Ashton isn't the king of American dubstep, though. That title belongs to Skrillex, the stage name of Sonny Moore. Ashton considers Moore a friend, and their music shares a number of similarities: Both came to electronic music from playing in metal bands, and have a fascination with big, rumbling bass drops. Their contrasts are more striking: Where Bassnectar tracks often have a sensual funkiness lurking within the throb, Skrillex is aggressively mechanical. And while Ashton tries to avoid the cool-kid spotlight, Moore revels in it, dating pop stars like Ellie Goulding and hitting the L.A. party circuit.

So when Skrillex won three Grammy awards earlier this year, Ashton felt relieved. "I had been really nervous about being the one on top, and getting too much hate for the popularity I had," he says. It "let me feel more like the Les Claypool or the Frank Zappa of the movement, where I just felt much less restrictions and much less expectations." Ashton's fans, who enjoy a sort of rivalry with Skrillex, were less enthused. But even the fact that one of Bassnectar's peers won three Grammys is an indication of the popularity of dubstep and dance music today.

Ashton rejects the narrative of electronic dance music's "recent" explosion. For him, it's been a much longer, more gradual process. "By 2004, 2005, I thought it was just unbelievably big," he says. "And every year thereafter, it doubled or tripled. It's extremely old news — even though it's beautiful news." But even Ashton admits that Bassnectar is part of the mainstream music landscape in a way that he never expected.

At times he seems uncomfortable with the breadth of his fan base, and he says he's reached a point where he's no longer interested in expanding it. "Obviously, I'm not underground anymore, but I feel like I am," Ashton says. "My personality is underground, my tastes are underground, and I feel very protective of the underground."

Dubstep, the music Bassnectar helped popularize, is no longer underground either. After arriving on the pop charts, it seeped into advertising, and is now practically inescapable. Kowal has a theory about why this sound found success in the states while higher-tempo electronic styles like house and techno struggled. "Maybe kids didn't want to dance as fast," he says. "Maybe we're all fat and out of shape in this country. Dubstep is a perfect electronic music for Americans because we eat too much."

Or maybe there's another reason. Mainstream rock has declined in popularity in recent years, selling fewer and fewer records. That's meant a lack of the deep, aggressive, intensely physical music that many young males — especially white ones — spend some part of their youth listening to. There's an easy line to be drawn between the gigantic riffs of Metallica and Nirvana and the pounding assault of Bassnectar and Skrillex. If anything, the new electronic artists unleash a rumble from their laptops that even an amplified guitar couldn't match. The origin of this music — European clubs — seems unlikely at first, but less so when seen through the biographies of Ashton and Moore, both of whom came up playing metal. So could America have turned dance music into the new frontier of heaviness?

"The answer is absolutely yes," says Live 105's Axelsen. "To the new generation, this is their rock show. These are their rock stars."

Slideshow: Bassnectar in San Francisco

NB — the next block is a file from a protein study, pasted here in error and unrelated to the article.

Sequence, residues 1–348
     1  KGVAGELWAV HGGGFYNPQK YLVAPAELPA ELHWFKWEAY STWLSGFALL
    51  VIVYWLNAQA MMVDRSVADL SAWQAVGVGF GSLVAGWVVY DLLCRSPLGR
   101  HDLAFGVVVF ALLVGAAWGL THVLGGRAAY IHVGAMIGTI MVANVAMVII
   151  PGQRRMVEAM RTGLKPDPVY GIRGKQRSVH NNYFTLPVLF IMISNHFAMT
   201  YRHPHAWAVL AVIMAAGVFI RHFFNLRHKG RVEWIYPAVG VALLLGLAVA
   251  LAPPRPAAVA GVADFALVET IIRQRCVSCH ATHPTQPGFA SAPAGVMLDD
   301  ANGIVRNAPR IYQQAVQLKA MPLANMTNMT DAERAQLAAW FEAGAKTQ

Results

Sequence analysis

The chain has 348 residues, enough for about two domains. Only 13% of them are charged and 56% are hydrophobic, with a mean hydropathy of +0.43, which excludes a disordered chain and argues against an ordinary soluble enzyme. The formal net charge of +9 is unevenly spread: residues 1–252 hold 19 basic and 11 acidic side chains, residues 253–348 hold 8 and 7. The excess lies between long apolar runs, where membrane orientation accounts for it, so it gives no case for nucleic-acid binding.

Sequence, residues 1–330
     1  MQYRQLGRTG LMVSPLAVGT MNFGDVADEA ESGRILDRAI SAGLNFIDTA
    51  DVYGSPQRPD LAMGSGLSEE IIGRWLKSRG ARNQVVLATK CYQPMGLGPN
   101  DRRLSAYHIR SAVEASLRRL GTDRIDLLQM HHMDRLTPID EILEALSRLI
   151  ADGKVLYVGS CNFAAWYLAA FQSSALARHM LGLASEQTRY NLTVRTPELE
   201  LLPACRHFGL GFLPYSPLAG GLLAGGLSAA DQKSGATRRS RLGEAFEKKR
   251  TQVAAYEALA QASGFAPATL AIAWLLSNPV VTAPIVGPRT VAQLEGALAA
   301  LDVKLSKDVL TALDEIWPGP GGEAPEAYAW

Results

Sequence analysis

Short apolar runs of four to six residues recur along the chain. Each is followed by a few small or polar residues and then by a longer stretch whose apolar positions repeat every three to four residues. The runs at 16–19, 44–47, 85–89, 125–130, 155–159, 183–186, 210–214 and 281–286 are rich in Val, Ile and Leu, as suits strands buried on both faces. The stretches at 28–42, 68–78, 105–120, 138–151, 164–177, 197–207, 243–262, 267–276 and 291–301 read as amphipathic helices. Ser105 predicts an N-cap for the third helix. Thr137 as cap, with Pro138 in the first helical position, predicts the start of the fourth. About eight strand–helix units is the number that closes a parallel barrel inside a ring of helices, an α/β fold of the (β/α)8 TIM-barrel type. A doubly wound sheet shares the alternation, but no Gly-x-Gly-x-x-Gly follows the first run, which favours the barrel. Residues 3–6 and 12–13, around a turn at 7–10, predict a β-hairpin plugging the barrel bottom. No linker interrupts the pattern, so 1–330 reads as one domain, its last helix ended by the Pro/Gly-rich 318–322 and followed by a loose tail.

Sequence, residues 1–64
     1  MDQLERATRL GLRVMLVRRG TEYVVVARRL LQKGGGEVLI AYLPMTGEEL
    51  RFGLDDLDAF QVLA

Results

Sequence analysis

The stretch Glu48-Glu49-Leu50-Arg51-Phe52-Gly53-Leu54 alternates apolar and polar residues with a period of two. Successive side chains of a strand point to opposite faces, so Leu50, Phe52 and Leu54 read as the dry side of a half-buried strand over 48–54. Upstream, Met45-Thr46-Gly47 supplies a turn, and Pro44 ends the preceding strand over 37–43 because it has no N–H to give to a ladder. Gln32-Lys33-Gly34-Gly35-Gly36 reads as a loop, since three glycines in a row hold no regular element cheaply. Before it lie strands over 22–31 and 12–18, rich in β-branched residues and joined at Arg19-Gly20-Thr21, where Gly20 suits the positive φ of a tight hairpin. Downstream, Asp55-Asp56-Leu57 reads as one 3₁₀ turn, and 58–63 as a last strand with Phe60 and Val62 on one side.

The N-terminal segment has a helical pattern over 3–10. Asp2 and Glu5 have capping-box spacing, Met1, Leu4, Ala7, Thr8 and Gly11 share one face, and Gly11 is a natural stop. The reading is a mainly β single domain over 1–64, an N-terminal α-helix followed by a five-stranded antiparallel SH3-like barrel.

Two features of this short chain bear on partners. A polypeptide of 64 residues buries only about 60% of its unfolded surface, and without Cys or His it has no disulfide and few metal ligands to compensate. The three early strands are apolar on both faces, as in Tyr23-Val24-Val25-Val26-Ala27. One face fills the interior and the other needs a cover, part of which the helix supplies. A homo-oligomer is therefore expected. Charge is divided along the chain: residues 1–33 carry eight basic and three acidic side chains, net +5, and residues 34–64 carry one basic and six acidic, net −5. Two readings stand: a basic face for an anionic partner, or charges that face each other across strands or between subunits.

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Folks like Bassnectar & Skrillex will say they got into it for the music not to get girls, however, when screamo & metal quickly became a sausage fest, they were as quick to become DJs & computer dance music "producers".  The problem is they brought all the testosterone from metal and left out all the sexiness of dance music, which is why it sounds like some nerdy boys making epic computer game music.   And it's why all their farting and mating sounds attract girls that are far too young for them.  Sorry boys


@SFWeekly bassnectar is an American icon for Dubstep music. It's cool to know he came out of the bay area n is representing the genre well


This is probably one of the worst written articles on electronic music I have read in a while. It actually upsets me that this is i the SF weekly. It reads like a PR one sheet of bad information. Much respect to Lorin and his bass movement. Unless you died 10 years ago and have risen from the dead you know what dub step is, the very fact that you say "he uploads a song to his laptop and makes a remix of it" sounds like you have never used a computer, as If this article was written for a 100yr old who has never driven a car or used a toaster. please Try Harder.


Please, house was created in Detroit waaaaaaay before the French even heard about it. Electronic music started in America. People Forget that.


I'm very surprised that in a 5 page article, he doesn't mention his crew even once, except for them having 2 tour buses (Lorin only flies). If it weren't for his road crew, he would not be where he is today. Much love for all the guys and gals making sure his shows are looking and sounding the way they do!!! 


Lorin Ashton is an incredible individual. I respect many things about him and his music, which pulled me in and captured me in about 2006. What I respect the most is that although his music has become more popular, it has never cheapened him. It is a special thing that a part of the status quo has been able to get a glimpse into the beautiful freak show that we lovingly call the underground, however, Lorin and people like us, will remain true and some other butterfly will capture that status quos interest sooner or later, and he will still be making 'Dubstep" or 'Doom Metal' which is the name he gave it, after they are said and done with it.. And I will still be dancin to break-beats and mash-ups to his left in the Pittsburgh city nights...Great Article..much respect~ L

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